I haven’t written much, nor made any significant art work since the beginning of the year. June literally sprung up on me. Usually I see it coming and I plan for it. This is the month that typically reminds me that I only have six more months to seriously start tackling those resolutions and identify areas where I need to improve. Unlike other years, this time June comes not with its usual pressure to actively pursue personal goals. This is because I experienced a major loss and sometimes I still feel like I am just getting back on to my feet. On the last day of March this year, my dad went to be with the Lord. It’s the prostate cancer that took him out, however he had battled with Alzheimer’s for just over five years. So I haven’t felt really motivated about anything, and I am learning that it is okay for me to feel this way at this moment in time.
Among the myriad thoughts that I have ruminated over in the past couple of months is the idea of legacy. I am grateful that my father left an amazing legacy and though I sometimes feel cheated for having him removed from my life, I have a strong feeling that he really did fulfill his destiny. Destiny fulfilled = success. This usually means a good legacy.
Without going into too much detail, my dad chose to fight for Zimbabwe’s freedom and spent just over a decade in Rhodesian detention cells. Like many other comrades, his late twenties and thirties were spent in solitary confinement doing hard labour- simply because he chose to pursue justice and create a better world for the next generation. It’s his pursuit of equality that led him to obtain a law degree through correspondence while in detention.
Growing up, my father emphasized values of love and respect for all people, of all races from all social standings. Sadly today, some people associate the War Veteran Status with greed and racism. Two attributes that do NOT describe my dad.
When we were going through some of his old documents a couple of weeks after the funeral, my sister and I came across a wad of letters that he sent from prison. These letters were cries from his heart. They touched me so much! They were letters asking a specific missionary organization to assist his mother (my grandmother ) and his young siblings (some of whom he only met after his release) so that they could go to school. Perhaps one of these days, I will share one of the letters, but it just amazes me that from a dinky little cell, my dad connected his siblings to key people who were able to meet some of the needs of this poverty stricken family. I am proud to say that all of my dad’s immediate siblings are educated and have done pretty well for themselves.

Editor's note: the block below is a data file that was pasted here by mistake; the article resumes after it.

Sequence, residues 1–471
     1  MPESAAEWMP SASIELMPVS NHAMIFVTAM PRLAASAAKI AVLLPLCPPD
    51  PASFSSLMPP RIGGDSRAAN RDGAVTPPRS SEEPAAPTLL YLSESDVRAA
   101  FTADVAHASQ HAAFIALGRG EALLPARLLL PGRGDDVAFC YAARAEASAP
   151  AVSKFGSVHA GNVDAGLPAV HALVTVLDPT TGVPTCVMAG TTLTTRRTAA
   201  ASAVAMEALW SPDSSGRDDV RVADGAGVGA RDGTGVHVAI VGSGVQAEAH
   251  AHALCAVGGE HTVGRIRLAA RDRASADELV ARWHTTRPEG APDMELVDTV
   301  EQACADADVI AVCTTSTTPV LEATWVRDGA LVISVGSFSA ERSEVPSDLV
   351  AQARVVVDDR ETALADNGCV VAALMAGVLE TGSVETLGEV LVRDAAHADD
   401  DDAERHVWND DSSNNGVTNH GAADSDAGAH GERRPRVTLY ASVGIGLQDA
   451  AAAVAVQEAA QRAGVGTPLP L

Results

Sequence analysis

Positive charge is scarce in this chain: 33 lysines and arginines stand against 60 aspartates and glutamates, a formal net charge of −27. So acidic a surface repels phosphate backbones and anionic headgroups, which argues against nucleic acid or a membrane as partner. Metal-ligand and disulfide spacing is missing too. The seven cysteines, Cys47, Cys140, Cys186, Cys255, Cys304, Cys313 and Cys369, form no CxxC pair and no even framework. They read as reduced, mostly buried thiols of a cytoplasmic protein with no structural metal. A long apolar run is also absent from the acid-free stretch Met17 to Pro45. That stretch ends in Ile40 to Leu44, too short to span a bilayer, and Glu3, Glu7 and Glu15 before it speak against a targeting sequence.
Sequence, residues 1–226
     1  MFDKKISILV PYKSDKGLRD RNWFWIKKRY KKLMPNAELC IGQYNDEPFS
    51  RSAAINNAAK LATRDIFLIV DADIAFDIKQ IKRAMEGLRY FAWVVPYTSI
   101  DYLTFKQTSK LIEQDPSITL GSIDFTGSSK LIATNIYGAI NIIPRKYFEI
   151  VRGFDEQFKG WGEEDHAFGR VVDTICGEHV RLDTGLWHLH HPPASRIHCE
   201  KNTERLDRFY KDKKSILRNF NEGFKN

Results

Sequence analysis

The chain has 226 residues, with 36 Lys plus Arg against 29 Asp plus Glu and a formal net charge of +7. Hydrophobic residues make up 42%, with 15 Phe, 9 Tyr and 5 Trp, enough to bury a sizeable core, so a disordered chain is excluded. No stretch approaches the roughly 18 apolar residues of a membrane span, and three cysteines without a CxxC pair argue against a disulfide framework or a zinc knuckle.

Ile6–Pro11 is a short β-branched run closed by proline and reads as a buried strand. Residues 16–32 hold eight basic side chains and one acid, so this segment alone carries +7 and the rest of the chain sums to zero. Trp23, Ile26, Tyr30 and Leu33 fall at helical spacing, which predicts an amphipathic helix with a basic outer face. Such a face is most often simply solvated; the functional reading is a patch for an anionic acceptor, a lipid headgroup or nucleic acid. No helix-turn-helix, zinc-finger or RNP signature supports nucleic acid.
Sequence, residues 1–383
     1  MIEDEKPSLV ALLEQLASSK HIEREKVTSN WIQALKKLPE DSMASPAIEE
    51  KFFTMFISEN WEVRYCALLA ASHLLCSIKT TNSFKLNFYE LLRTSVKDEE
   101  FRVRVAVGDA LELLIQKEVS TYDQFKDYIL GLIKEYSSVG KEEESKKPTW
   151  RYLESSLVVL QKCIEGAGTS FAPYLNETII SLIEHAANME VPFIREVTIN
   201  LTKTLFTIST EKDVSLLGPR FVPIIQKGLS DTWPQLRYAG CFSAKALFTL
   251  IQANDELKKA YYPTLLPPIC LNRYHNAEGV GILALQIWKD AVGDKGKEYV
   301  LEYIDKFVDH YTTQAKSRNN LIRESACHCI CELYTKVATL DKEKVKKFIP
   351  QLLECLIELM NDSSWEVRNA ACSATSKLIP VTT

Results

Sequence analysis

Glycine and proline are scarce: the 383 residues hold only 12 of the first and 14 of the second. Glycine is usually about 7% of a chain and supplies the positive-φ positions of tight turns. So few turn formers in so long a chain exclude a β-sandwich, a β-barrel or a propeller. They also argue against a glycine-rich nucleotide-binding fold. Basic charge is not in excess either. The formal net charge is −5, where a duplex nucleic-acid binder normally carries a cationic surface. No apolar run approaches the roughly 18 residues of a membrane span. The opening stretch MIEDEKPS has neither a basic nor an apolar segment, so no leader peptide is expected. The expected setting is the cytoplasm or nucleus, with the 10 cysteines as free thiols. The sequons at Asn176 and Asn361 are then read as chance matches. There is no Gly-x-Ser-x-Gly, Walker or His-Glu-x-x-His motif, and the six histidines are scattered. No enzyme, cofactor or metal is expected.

We also found a couple of letters that he wrote to the then authorities requesting that the prisoners receive more blankets and more humane treatment. BRAVE! We grew up with cousins.
Once in a while, relatives would come and live with us for a year or two…. or more. It’s only later that I found out that my father was paying for their school fees and helping them pursue their personal endeavors. Throughout funeral week, so many people spoke about how my dad had helped them get an education, get their first job, get a fair deal or something along those lines. I honestly had no idea that he had assisted so many friends and family members. Education was so important to him and he loved people.
My dad was always there for me. I don’t remember a single moment in which I felt neglected as I grew up. I know this is a blessing because not everyone can say the same thing. He raised my 3 sisters and me to be empowered women. He taught us to dream and reach for the stars. There are too many things to mention (big and small) that he did in the 75 years that he lived. I was amazed to hear that parked cars literally wound themselves around our circle road as people came to kubata maoko (offer condolences). Hundreds of people showed up, and a hundred more wished they had showed up to bid him farewell. He definitely left a legacy.
He impacted his family, his extended family, his various working environments, his hometown and his nation. I am so challenged.
This has got me thinking, what am I impacting?
Or how am I impacting?
What legacy will I leave?
When that day comes, (when I go to be with the Lord), will hundreds of people show up for me?
My legacy will be shaped by how I treat people- starting from today.
It will be shaped by whether or not I pursue what I believe God has called me to do on this earth. We are all called to do something; we have to believe that we are here for a divine purpose.
My legacy will be shaped by how big I start to dream and how much I challenge myself to grow holistically.
I won’t leave much of a legacy if I settle to be average- that’s too safe and comfortable! I have to do things on purpose and aim to create a positive change for my family, my society, my nation and maybe even the world.